By Peter Sinkamba
The Minister of Local Government Honorable Vincent Mwale finally declared today that the PF Government will not regard elected Mayors and Chairpersons of Councils across the country as executive officials. From this declaration, it is now clear that insofar as the PF Government is concerned, Mayors and Council Chairpersons across the country will remain ceremonial. In other words, these popularly elected officials shall not wield executive powers for their term current term of office, as earlier envisaged, unless the decision of Government is challenged by way of seeking interpretation of the Constitution by the Constitutional Court in this regard is sought.
The Constitution of Zambia 2016 in Article 154 prescribes election and term of office for Mayors, Chairpersons, their deputies and Councillors. The Constitution does not however state whether these functionaries shall wield executive powers or not. In similar fashion, the Constitution of Zambia does not expressly state anywhere that the President of Zambia shall be the executive president, the President wields executive functions.
The Constitution does in Article 151 provide for functions, responsibilities and resources of the Councils. The Constitution establishes a local government system where functions, responsibilities, and resources from the national Government and provincial administration are transferred to the local authorities through a well-coordinated cooperative governance system. The Constitution provides for a new system whereby local council are mandated to initiate, plan, manage and execute policies in respect of matters that affect the people within their respective districts. The Constitution also mandates local councils to deal with all social, spatial, financial and economic planning issues in their districts. In addition, the Constitution mandates local authorities have been mandated to monitor the performance of persons employed by the national Government and provincial administration.
Clearly from the elaboration of functions and responsibilities of the local government in the new dispensation, Mayors and Council Chairpersons must wield executive functions. And this is what the people have always wanted since 1991.
On Pages 517- 518 of the Interim Report of Mung’omba Constitution Review Commission (June, 2005), concerning the election of Mayors and Council Chairpersons, the Commission reported as follows:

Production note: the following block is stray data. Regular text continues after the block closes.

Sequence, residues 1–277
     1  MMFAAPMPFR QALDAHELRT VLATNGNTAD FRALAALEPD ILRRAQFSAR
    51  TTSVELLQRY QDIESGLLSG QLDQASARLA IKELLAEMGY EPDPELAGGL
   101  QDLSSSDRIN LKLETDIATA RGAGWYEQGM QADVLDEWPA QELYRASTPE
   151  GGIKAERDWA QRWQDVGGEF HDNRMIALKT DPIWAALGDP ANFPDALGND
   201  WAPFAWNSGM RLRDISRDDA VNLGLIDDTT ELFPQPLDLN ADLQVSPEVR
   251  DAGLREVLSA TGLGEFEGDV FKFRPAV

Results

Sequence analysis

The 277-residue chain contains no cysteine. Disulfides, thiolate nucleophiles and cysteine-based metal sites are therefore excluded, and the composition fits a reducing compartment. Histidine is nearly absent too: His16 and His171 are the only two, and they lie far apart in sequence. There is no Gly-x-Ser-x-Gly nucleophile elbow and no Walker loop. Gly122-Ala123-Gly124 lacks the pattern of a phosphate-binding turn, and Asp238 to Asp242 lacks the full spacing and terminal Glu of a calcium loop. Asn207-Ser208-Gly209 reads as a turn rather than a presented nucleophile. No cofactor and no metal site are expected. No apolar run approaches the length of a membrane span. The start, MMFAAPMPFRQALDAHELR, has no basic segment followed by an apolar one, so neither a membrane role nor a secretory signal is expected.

“A number of petitioners said that Council Mayor/Chairpersons should be elected by universal suffrage (186)…..a few petitioners suggested that councils should have Executive Mayors or Chairpersons, as the case may be (5).
“… [The]Commission observes that the idea of Mayor or Council Chairman being popularly elected points to a desire to have local authorities presided over by a person democratically chosen by the people. Such a person would inspire confidence in the minds of the electorate and enjoy popular support to spearhead development programmes of a Local Authority.
“The Commission further notes that a similar call was made by the petitioners to the Mwanakatwe Commission…..[The] Commission of the further view that it would be appropriate for popularly elected Mayors/ Council Chairpersons to have executive power as demanded by some petitioners. The Commission observes that this arrangement is common in the Scandinavian countries. The Commission’s view is that the role of these leaders and Councillors should be restricted to directing policies and service delivery. Implementation should be left in the hands of appointed executives”…
“The Commission recommends that the Constitution should provide that Council Mayors/Chairperson should be elected by universal adult suffrage and the Office should have executive powers”….
From the Constitutional Commission observations and recommendations stated above, it is very clear that the spirit of the majority of the people who submitted on Council Mayors/Chairpersons wanted executive powers. This is the wish and recommendation of the people. It is also the recommendation of the Commission. And the fact that Article 151 provides for transfer of functions, responsibilities, and resources from the national Government and provincial administration to the local authorities, this confirms that the drafters of the 2016 Constitution amendment provided for executive Mayors and Council Chairpersons and merely omitted to include the word “executive” for these functionaries, as is the case with the President.
Just like the PF Government has embraced the President perform executive functions when the Constitution does not expressly state so, the same latitude should be extended to Mayors and Council Chairpersons. Anything short of this approach is double standards, selfishness, and disrespect of the Constitution and constitutionalism.
We the Greens, demand that the PF Government gives the people what they want. Government should respect the Constitution and adhere to the spirit of constitutionalism. We demand that Government forthwith lets Mayors, Council Chairpersons and their Councillors perform their Constitutional functions. We further demand that government leaders stop being selfish. It is imperative that Government lets Mayors, Council Chairpersons and Councillors enjoy their Constitutional entitlements without any further delays. Otherwise, we the Greens will have no option but seek judicial interventions to challenge PF Government constitutional impunity on this extremely pertinent governance issue.
The Author is the President of Green Party of Zambia